The Pulse

Can Soft Power Help Repair China-India Ties?

Recent Features

The Pulse

Can Soft Power Help Repair China-India Ties?

Bollywood and student exchanges can help change the negative narrative in China-India relations.

Can Soft Power Help Repair China-India Ties?

Narendra Modi and Xi Jinping visit Sabarmati Riverfront in Ahmedabad, India (Sept. 17, 2014).

Credit: Flickr/ Indian Ministry of External Affairs

While New Delhi and Beijing seek to resolve complex strategic and economic issues, it is interesting to see a realization and acceptance on both sides about the importance of “soft power” and greater people-to-people contact in reducing differences between both sides.

Indian Ambassador to China Gautam Bambawale spoke recently about the need for greater engagement between India and China, not just on contentious issues — such as the China-Pakistan Economic Corridor (CPEC) and the massive trade deficit for India — but also at the people-to-people level. In an interview with the Global Times on January 25, 2018, the Indian ambassador said:

I believe that in the post-Doklam period, India and China need to be talking to each other and conversing with each other much more than in the past. This should be done at many different levels, including at the leadership level, the official level and the people-to-people level. 

Chinese Foreign Ministry spokesperson Hua Chunying, in response to Bambawale’s interview, stated that China was willing to address India’s concerns on CPEC, and that the project was not targeted at any one country.

Apart from more official meetings, Bambawale also spoke about the importance of more exchanges between parliamentarians, businesspeople, and journalists as well as greater two-way tourism. There has been an increase in Indian tourists visiting China. In 2015, more than 700,000 Indian tourists visited China; that figure surpassed 600,000 in just the first nine months of 2016.

Interestingly, Bambawale also spoke about the importance of Bollywood movies in the context of making Chinese more aware about India. According to the ambassador, “China must import more Bollywood films so as to understand India better.”

The new film Secret Superstar, which stars Bollywood actor Aamir Khan, has dominated the Chinese film market in spite of competition from Hollywood releases like Jumanji: Welcome To The Jungle and Maze Runner: The Death Cure, as well as homegrown films like Forever Young. Earlier Aamir Khan movies have also done well in China, with another of his films, Dangalgrossing a whopping $220 million. Interestingly, when Indian Prime Minister Narendra Modi and Chinese President Xi Jinping met on the sidelines of the Shanghai Cooperation Organization (SCO) summit in Astana, Kazakhstan in June 2017, the Chinese president said that he had watched Dangal and had liked it.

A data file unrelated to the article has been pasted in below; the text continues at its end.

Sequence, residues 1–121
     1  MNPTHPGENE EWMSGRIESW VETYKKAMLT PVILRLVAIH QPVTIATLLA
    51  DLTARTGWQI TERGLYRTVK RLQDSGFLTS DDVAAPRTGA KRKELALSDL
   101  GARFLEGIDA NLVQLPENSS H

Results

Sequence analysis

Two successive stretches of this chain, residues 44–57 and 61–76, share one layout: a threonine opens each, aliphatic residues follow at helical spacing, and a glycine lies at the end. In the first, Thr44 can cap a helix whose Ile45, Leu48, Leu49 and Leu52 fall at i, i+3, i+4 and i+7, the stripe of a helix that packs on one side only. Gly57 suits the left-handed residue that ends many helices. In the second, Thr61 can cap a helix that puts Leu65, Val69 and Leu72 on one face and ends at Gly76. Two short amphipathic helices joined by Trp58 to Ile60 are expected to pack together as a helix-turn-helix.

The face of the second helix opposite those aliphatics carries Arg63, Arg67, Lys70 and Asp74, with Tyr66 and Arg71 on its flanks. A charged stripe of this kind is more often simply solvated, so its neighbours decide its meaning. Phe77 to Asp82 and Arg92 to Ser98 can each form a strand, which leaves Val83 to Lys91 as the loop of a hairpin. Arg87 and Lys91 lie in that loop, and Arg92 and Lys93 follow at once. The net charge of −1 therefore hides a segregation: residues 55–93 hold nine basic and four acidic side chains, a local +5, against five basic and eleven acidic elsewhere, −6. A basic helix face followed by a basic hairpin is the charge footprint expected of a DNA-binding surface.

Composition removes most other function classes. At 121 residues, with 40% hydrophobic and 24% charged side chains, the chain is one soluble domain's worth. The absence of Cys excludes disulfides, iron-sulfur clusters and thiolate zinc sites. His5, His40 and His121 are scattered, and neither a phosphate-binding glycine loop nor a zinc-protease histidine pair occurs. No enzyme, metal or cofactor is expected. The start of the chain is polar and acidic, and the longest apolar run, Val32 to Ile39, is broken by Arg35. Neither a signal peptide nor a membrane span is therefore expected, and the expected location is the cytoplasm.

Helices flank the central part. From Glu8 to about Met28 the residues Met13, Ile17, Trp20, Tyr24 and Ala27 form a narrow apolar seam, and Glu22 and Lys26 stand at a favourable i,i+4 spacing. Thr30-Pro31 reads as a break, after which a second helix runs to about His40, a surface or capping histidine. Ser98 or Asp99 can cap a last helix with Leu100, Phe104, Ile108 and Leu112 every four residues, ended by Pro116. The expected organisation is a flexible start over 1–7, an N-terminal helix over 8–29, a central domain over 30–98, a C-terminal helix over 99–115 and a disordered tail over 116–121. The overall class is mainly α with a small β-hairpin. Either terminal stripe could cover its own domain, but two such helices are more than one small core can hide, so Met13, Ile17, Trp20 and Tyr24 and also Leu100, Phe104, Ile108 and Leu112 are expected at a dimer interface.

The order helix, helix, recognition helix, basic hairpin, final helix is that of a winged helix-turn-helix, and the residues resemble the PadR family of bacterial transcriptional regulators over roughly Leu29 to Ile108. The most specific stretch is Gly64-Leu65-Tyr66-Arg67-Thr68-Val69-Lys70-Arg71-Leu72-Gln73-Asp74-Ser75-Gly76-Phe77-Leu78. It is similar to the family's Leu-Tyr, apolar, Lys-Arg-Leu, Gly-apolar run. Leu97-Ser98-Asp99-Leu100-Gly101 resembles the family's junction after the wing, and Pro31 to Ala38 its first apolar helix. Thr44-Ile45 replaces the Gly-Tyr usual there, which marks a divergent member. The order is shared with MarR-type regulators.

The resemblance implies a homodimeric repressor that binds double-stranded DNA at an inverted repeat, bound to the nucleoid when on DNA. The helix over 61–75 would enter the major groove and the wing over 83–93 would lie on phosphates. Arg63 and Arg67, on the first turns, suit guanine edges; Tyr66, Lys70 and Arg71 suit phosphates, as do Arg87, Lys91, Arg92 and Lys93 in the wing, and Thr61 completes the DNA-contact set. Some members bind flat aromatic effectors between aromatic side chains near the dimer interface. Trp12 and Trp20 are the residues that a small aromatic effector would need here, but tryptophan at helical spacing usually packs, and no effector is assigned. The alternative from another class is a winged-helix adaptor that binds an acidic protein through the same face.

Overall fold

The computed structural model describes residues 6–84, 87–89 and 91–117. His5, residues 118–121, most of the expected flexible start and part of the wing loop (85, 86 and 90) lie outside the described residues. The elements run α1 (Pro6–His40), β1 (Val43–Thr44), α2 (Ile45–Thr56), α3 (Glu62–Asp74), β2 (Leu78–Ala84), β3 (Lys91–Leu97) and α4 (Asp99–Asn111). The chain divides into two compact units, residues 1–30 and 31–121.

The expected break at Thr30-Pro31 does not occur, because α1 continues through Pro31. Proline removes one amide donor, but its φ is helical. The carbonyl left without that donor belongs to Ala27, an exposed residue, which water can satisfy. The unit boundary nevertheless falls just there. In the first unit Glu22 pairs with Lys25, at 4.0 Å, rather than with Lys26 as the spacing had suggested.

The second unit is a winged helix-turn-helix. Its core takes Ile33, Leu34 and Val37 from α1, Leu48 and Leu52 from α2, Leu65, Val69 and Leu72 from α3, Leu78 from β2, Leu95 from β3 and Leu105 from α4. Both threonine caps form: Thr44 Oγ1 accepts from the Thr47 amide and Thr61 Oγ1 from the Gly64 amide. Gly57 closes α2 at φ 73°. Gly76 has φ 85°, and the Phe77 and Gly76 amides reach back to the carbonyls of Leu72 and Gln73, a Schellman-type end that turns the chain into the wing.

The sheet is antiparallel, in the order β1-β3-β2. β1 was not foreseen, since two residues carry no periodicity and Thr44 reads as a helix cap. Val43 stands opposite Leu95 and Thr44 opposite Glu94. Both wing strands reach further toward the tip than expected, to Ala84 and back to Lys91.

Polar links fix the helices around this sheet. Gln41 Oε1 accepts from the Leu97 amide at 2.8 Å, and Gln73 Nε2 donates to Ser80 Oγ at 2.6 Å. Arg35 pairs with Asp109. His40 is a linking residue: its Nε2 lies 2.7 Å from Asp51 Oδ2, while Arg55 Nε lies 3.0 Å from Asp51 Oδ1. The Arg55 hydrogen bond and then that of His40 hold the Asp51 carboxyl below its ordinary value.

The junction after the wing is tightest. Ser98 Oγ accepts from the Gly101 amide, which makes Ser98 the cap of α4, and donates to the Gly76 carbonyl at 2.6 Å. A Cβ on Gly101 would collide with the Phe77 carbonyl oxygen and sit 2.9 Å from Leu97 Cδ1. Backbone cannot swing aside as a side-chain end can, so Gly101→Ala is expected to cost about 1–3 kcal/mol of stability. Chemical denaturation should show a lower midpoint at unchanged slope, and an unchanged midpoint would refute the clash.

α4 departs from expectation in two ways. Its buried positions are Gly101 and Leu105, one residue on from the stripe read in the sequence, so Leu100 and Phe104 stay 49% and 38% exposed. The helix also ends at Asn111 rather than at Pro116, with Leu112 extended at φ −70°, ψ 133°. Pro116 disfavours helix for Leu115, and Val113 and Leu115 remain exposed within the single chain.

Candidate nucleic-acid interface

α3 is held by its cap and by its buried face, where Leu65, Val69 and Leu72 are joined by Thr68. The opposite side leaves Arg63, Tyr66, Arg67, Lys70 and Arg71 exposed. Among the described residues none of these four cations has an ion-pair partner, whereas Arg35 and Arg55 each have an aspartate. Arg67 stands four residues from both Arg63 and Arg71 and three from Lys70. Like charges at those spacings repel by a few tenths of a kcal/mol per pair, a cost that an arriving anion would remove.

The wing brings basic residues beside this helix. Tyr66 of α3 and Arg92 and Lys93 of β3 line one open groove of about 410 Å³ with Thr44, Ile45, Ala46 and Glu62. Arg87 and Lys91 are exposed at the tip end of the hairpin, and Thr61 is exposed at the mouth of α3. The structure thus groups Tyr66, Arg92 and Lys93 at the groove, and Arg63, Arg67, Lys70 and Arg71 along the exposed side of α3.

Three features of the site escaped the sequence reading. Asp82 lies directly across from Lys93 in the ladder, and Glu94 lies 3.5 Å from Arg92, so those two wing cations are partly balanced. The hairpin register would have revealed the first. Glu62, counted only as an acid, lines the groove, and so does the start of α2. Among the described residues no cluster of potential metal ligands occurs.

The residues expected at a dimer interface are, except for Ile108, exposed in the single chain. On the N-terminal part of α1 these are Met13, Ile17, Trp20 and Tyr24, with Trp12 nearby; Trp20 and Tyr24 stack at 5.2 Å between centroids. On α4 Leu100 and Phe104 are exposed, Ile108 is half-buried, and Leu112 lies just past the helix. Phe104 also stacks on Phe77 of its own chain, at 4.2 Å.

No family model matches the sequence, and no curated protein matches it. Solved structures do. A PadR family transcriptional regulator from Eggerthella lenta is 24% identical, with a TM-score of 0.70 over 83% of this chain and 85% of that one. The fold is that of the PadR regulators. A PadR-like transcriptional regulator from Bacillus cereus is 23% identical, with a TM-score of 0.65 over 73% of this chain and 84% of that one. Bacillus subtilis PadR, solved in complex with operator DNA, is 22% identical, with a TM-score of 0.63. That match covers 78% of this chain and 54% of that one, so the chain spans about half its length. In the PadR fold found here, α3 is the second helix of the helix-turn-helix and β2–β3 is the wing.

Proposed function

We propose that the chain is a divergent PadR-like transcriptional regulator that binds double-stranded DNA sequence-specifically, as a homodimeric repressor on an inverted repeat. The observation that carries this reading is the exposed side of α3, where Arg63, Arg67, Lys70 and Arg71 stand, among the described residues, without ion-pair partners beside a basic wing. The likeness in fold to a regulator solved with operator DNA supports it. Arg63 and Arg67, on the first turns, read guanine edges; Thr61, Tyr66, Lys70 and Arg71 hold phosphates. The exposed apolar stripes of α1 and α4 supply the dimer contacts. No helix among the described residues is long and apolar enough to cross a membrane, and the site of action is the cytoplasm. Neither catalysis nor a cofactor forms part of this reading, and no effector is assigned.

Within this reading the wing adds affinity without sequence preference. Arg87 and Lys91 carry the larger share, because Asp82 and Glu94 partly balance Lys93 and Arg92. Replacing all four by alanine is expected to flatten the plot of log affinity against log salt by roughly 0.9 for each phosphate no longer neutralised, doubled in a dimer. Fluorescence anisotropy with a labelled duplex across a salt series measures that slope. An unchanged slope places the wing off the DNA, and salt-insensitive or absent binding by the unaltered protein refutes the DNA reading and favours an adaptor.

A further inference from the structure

India and China are competing in every sphere, including soft power, with China having invested heavily in Confucius Institutes, and having been successful in attracting foreign students as well as tourists. Significantly, China was ranked 25th in the Top 30 Soft Power Index, 2017 by Portland. India does not figure in the top 30 countries as far as soft power is concerned.

While India and China may be competing even in the arena of soft power, it clearly has the potential to play a constructive role in the complex bilateral relationship. Components of soft power have played an important role even in periods of China-India tensions.

Even when there are strains at the political level, Bollywood movies have been getting a good response in China – as is evident from the success of Dangal and more recently, Secret Superstar. It is not just Bollywood, however; there are numerous areas where exchanges are increasing. For instance, the India-China Yoga College at Yunnan Minzu University has begun master’s level courses in Yoga, and is also likely to start bachelor’s courses. Apart from this, the number of Indian students studying in China has increased. In 2016, there were over 18,000 Indian students in China, marking the first time the number of Indian students in China (18,171) surpassed those studying in the United Kingdom (18,015) – albeit by a small number.

Innovative approaches are needed to make these soft power exchanges more effective. Exchanges between students should be increased; currently such exchanges are restricted to a few big universities in the bigger cities. More Chinese students should also be encouraged to study in India.

Steps can be taken to increase people-to-people exchanges between cities and provinces that have signed sister city or sister province agreements. Efforts should be made to enhance cultural and people-to-people linkages between eastern Indian states (where Chinese companies are now beginning to explore investment opportunities) and different provinces in China. A special emphasis should be laid on encouraging tourism.

All these efforts will ensure that citizens of both countries get fresh perspectives and views, and are not influenced by what is reported in the media.

There is absolutely no doubt, that both India and China have serious differences on very important issues. Soft power by itself cannot resolve these, but it can pave the way for greater understanding and have a positive influence on the mindset on the youths of both countries.

Tridivesh Singh Maini is a New Delhi-based policy analyst associated with the Jindal School of International Affairs, OP Jindal Global University, Sonipat.